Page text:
A metaphor for spiritual experience derived from Psalm 34:9, “Taste and see that the Lord is good”, Fr. Colin probably came across the phrase in the writings of the Catholic mystics. It seems to express for him the power of spiritual experiences of God’s grace to transform a person. All of his uses of the term are in contexts like spiritual direction or seminary spiritual formation.
Fr. Colin suggested two situations where we might find the spirit of the Society of Mary: the life of the Holy Family at Nazareth, and Mary and the Apostles in the early Church. Marists sometimes abbreviate these key loci for our spirituality as “Nazareth” and “Pentecost”, although this latter is a bit of a misnomer because Colin was thinking more of the time after Pentecost rather than the events in the Upper Room.
A phrase found in the Constitutions of the Society of Mary in the article on the Spirit of the Society: “...they belong by gracious choice to the family of Mary...” It refers to the belief by Marists that they have been chosen to be Marists. Who does the choosing is not specified. Ultimately it is God, the source of every grace, but the early Marists believed that Mary played a part in choosing who should belong to her Society.
A phrase found in the description of the early community of believers in the Acts of the Apostles 4:32. This text inspired many religious founders to propose it as the ideal to be lived by their communities. Fr. Colin is somewhat unique in that he presented it to Marists not only in reference to our community life, but also as the goal of our ministries: “...that at the end of time as at the beginning, all the faithful may with God’s help be one heart and one mind in the bosom of the Church.”
A phrase used by all the Marist founders to characterize the Marist project. The idea was that it was Mary’s initiative that inspired Jean-Claude Courveille to work toward the establishment of the Society of Mary, and her help that was bringing it about: thus the Society was Mary’s work, her creation, as it were. Marists are called to busy themselves with the work of Mary by working to get the Society established—this was the task for the founding generation—and by maintaining it so that Mary might impact the Church and the world through the Marists. By extension, the ministry of Marists can be characterized as “doing the work of Mary.”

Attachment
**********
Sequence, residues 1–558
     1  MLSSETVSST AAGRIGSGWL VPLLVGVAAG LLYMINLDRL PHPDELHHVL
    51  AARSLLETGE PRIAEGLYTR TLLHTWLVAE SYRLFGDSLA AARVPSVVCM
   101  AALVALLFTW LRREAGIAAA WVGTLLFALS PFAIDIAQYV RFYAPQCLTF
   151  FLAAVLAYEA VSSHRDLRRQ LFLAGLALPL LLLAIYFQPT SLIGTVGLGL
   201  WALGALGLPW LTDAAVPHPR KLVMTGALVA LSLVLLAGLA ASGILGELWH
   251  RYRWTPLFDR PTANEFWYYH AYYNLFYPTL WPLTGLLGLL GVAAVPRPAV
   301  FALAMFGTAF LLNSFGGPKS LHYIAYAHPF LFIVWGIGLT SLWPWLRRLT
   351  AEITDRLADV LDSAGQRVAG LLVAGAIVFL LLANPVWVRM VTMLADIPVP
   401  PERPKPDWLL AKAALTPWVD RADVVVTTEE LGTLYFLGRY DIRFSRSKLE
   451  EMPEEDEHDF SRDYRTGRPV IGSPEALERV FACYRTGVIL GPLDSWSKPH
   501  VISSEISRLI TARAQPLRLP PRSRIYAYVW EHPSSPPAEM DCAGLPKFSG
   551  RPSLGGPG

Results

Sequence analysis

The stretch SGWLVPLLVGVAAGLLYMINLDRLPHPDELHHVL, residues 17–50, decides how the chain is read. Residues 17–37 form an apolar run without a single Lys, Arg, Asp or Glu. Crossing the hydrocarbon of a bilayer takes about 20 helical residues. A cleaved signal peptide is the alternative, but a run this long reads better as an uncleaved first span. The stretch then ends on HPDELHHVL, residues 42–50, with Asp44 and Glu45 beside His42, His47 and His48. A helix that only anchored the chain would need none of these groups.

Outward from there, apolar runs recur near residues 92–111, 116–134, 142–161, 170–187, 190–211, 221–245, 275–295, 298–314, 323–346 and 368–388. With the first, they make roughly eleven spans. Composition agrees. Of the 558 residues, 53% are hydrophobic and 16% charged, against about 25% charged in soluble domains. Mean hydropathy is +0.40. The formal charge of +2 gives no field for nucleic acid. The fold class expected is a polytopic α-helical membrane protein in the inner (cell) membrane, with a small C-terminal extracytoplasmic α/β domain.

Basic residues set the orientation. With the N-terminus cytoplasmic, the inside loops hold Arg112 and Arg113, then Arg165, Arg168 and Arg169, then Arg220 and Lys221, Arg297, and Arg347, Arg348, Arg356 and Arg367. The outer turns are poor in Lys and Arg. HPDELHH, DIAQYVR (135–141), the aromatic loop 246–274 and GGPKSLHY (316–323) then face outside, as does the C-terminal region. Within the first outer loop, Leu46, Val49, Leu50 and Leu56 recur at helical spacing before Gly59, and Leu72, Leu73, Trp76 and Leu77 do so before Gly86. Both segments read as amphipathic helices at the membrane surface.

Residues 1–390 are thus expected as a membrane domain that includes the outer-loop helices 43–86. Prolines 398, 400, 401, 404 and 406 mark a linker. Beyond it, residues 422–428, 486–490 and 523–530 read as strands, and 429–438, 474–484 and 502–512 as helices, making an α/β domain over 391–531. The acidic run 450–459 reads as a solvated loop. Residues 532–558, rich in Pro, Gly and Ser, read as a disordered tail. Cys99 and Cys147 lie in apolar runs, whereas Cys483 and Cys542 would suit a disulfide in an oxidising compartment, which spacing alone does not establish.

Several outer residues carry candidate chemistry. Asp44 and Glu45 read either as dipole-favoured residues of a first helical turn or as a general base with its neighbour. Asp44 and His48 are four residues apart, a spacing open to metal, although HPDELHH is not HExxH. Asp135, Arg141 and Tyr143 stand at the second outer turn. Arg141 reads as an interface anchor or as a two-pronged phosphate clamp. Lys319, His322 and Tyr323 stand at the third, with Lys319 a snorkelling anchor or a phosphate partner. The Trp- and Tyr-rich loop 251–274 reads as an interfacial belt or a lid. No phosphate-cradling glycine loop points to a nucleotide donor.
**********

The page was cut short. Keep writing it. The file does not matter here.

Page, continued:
A phrase adapted from an article by Fr. Jean Coste, Marist historian, “Toward a Marian Vision of Church: Jean-Claude Colin”. Fr. Colin saw in certain aspects of the Marist spirit, derived from his meditation on Mary in the early Church, a utopian vision of what the Church could be, and thus an ideal that the Marist approach to ministry might help realize.
The town in Galilee in Israel where Jesus spent the first thirty years of his life before embarking on his public ministry. Thus a place and time of intimacy with Mary and Joseph, and of growth in wisdom and grace. Fr. Colin used it as a symbol for several aspects of Marist life: the time in seminary formation before engaging in ministry; any time taken out from the active ministry to engage in contemplation and spiritual renewal; the life of the contemplative branch of the Society of Mary that he wanted to found, a project he was not able to realize; the act of placing oneself at some distance from one’s active ministry to get a different perspective. Fr. Colin once said “I place myself in Nazareth and from there I see what I must do.”
A phrase that from very early on characterized the Marist approach to ministry. Marists were to carry out their ministries in such a way that they themselves might remain “unknown and as if hidden in the world.” Fr. Jean-Claude Colin is quoted as having said, “When God speaks to a soul He says much in a few words. For instance, that phrase: ‘unknown and hidden in the world.’” In English the phrase is usually stated in reverse order: “hidden and unknown in the world.”
Fr. Colin occasionally told his fellow Marists that there were three fundamental points that should distinguish Marists. They amount to three things that Marists should reject or say “No!” to: the desire for material gain, the lust for dominative power, and the seeking of celebrity and prestige. Fr. Jean Coste, Marist historian, suggests that these “No’s” are the characteristic qualities of Fr. Colin’s utopian vision of a “Marian Church”, the ideal that Marists try to realize through their Mary-inspired approach to ministry.
A phrase that expresses the way Marists characterize themselves in their ministry. When beginning a parish mission, Fr. Jean-Claude Colin and his fellow missioners announced to the people that “God sends us into your parish to be the instruments, all unworthy though we be, of his mercy toward you.” He often spoke of what helps Marists to become instruments of the divine mercies: practice of the virtues, prayer, and study.
Fr. Colin once said “our aim is nothing less than to make the whole world Marist.” He probably had two things in mind: the potential for the Society of Mary to include everyone in its membership through the Lay branch; and the belief that the Gospel virtues and values of the spirit of Mary, which is the spirit of the Society of Mary, ought to be spread throughout the world.
...so they must think as Mary, judge as Mary, feel and act as Mary in all things...